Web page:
Our Natural But Fruitless Reactions to Criticism

We’ve all been there before. You hear or read something critical about you at work that causes a shortening of breath and a tightening of the muscles. The internal “fight/flight/freeze” mode has been triggered and there’s a good possibility that what comes next will not be a positive experience.

When these types of observations take place either in person, in writing, or even anonymously, they can be especially challenging to process. Even if the intent is constructive there’s a good possibility the initial impact won’t be positive.

If you’re the receiver of the feedback it’s likely one of the following scenarios will take place:

The problem is all of these options lead to more processing time, which results in a loss of productivity. In other words, as natural as they are, none of these responses allows you to benefit from the feedback.

[Read “How to Avoid Sending Emails That Upset Coworkers“]

We’re Uncomfortable Giving Feedback, Whether It’s Positive or Negative

Truth be told, receiving feedback can be just as challenging as giving it. That fact is supported by a recent Harris Poll, as reported in a Harvard Business Review article, that 69% of managers are uncomfortable giving feedback. Other research confirms this and goes further to explain that this even applies to positive feedback. Yet, we need to get feedback if we’re going to improve or grow.

A lot has been written on how to give effective feedback, but when we’re the person that receives it, is there anything we can do to help make the process more effective, especially when the observations don’t feel positive? Absolutely! 

[Read “Do You Pass the Smile Test?“]

How to Receive Feedback in a More Productive Way (And Make It Hurt Less)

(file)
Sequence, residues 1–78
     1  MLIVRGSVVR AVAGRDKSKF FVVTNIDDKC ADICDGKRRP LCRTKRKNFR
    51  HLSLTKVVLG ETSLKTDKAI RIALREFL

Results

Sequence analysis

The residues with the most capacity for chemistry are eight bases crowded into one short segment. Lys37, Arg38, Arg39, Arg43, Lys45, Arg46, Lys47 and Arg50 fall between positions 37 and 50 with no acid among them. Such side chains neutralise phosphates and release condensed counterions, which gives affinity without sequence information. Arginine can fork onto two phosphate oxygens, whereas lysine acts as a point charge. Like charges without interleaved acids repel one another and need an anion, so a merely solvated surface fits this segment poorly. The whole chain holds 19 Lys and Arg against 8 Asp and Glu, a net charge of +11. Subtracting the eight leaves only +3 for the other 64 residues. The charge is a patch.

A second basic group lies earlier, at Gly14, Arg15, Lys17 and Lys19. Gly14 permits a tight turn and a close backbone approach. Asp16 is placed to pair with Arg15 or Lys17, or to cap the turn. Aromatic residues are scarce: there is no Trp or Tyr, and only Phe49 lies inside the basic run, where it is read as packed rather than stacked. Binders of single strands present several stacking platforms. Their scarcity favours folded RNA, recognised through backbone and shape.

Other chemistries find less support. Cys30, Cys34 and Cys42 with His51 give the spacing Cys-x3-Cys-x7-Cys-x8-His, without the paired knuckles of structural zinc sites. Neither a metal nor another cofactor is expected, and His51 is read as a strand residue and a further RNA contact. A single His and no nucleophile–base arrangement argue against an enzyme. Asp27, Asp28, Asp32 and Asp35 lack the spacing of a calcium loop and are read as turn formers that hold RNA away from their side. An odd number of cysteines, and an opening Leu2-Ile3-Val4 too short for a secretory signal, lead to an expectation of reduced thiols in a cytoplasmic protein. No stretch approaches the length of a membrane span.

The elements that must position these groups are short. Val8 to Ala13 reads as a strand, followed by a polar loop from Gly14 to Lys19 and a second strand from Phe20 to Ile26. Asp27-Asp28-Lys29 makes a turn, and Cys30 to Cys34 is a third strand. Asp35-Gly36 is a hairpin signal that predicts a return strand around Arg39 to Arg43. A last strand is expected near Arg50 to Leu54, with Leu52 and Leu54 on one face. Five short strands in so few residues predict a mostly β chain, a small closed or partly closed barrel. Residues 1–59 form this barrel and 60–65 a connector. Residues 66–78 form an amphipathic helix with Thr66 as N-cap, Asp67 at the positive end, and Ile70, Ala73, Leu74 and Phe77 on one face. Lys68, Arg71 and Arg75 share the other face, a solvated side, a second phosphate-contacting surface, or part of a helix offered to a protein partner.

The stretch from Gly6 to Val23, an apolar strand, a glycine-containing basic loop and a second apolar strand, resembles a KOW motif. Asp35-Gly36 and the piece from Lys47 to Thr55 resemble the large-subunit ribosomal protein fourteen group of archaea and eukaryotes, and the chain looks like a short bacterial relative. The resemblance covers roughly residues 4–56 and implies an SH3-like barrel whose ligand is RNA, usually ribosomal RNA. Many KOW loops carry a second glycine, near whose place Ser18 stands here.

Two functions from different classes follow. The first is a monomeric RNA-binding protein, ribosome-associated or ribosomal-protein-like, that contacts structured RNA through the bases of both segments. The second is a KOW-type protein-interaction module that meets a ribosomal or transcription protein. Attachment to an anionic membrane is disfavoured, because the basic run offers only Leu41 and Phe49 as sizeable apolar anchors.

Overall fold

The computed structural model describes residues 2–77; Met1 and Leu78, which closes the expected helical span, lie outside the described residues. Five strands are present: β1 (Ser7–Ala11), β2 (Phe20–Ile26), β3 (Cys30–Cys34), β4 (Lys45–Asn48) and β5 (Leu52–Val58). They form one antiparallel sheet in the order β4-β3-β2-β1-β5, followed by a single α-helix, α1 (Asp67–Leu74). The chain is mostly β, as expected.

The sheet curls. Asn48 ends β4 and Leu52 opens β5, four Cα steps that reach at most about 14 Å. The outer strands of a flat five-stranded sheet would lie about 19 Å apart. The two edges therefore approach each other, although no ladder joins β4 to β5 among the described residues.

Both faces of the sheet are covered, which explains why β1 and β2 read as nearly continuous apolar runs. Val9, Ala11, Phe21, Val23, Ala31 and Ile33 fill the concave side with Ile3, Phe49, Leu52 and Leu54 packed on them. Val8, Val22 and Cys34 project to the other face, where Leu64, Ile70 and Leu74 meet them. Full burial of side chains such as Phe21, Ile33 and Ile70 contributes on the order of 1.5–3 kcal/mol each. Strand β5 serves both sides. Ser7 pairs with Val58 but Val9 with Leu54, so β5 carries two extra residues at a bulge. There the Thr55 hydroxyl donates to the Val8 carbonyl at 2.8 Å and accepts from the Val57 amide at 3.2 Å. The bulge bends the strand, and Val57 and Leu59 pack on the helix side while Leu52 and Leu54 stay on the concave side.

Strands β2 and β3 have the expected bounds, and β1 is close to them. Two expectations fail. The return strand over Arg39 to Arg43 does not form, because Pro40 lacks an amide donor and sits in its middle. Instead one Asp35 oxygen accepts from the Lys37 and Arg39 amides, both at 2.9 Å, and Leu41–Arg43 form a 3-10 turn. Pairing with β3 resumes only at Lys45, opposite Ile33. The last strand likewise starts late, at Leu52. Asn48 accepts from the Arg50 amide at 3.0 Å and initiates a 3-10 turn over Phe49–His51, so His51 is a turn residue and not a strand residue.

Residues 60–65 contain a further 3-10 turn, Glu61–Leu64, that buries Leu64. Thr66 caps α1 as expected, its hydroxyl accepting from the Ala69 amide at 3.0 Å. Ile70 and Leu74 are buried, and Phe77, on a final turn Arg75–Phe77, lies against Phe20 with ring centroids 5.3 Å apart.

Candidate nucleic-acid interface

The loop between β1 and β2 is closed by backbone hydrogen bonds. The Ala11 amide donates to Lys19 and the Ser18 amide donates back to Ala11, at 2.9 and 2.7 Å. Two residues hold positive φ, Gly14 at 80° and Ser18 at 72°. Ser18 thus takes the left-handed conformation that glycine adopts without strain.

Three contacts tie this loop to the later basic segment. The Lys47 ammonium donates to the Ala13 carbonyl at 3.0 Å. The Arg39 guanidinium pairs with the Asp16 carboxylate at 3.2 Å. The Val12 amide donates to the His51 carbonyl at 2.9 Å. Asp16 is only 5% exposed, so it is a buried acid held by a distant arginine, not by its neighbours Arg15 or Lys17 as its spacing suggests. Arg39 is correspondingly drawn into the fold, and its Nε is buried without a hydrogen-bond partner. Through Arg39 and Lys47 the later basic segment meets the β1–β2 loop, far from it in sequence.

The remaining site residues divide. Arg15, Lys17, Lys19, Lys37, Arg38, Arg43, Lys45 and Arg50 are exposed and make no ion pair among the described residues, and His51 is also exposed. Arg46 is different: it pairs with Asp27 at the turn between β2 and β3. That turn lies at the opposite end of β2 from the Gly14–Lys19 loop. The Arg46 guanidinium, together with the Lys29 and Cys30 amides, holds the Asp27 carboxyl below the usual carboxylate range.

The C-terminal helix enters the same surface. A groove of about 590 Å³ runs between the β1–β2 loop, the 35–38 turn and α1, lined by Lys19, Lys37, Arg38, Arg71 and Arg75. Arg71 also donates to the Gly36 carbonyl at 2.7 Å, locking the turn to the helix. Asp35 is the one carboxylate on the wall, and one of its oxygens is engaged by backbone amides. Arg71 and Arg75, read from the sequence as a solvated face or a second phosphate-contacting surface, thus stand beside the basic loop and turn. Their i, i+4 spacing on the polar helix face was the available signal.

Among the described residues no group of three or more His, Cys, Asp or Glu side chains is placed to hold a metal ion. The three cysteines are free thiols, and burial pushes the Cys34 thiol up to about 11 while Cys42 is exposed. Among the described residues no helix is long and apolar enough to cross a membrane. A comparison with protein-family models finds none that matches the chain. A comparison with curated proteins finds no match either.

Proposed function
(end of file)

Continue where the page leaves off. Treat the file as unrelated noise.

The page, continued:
The following five suggestions have proven to be very helpful in creating a positive outcome, regardless of how the feedback was delivered. 

  1. Separate the actual from the perceived. We all speak and perceive things from the context of our own thoughts, feelings, beliefs, and values. Nearly all difficult conversations occur because people act on what they perceive someone’s thoughts, feelings, beliefs, and values are, but research shows that these perceptions of others are frequently inaccurate. That means we often react to what we think is there instead of what actually is. So it’s important to pause and question if our perception is what was actually intended.
  2. Ask questions. It sounds so simple but this is remarkably empowering, helpful, and productive. Asking a few open-ended, clarifying questions about the message can go a long way toward generating understanding and creating a foundation for learning. If the feedback is anonymous we can try asking ourselves which part of the feedback can be helpful or useful. One important caveat is to make sure any questions you ask are directed at genuinely understanding what the other person may have meant instead of setting them up for an expertly delivered counter-attack.
  3. Remember it’s not all about you. When feedback is given it’s easy to personalize it but keep in mind that the person giving it is telling you something from their own perspective and is delivering the message as best as they know how. That doesn’t mean the feedback should be minimized or dismissed, but it does mean you can help reduce any reactive responses you might have by separating the content from who or how it’s delivered.
  4. Be self-aware. If we get triggered and are unable to do any of the preceding three steps we can take a short break to process the information. This can reduce our fight/flight/freeze reactive behavior and increase our capability to thoughtfully consider what’s been said or written, even if we don’t know where it came from.
  5. Remain curious. It’s been said that the best leaders are those who are curious because they stay open to learning. When we are open to hearing what others have to say, even when it’s not positive, we can do a better job reducing reactive responses and learning more about ourselves. Try and take the position of someone who is exploring instead of interpreting.

[Read “Developing and Fostering Team Creativity“]

In an ideal world all feedback would be effectively delivered, but since that’s something we can’t control it’s helpful to focus on what we can control—thus capitalizing on the opportunity that feedback gives us to learn and develop, regardless of how it’s delivered.

4 Responses

  1. Nice job, George. Your points are in the middle of the bullseye. My experience is these points are much easier to talk about than do. One of the key thoughts for me when giving feedback is to remember the goal is to change or modify behavior, not change the person.

  2. Thanks, Tom. That’s an important point for giving feedback. Too often the feedback is not behaviorally clear.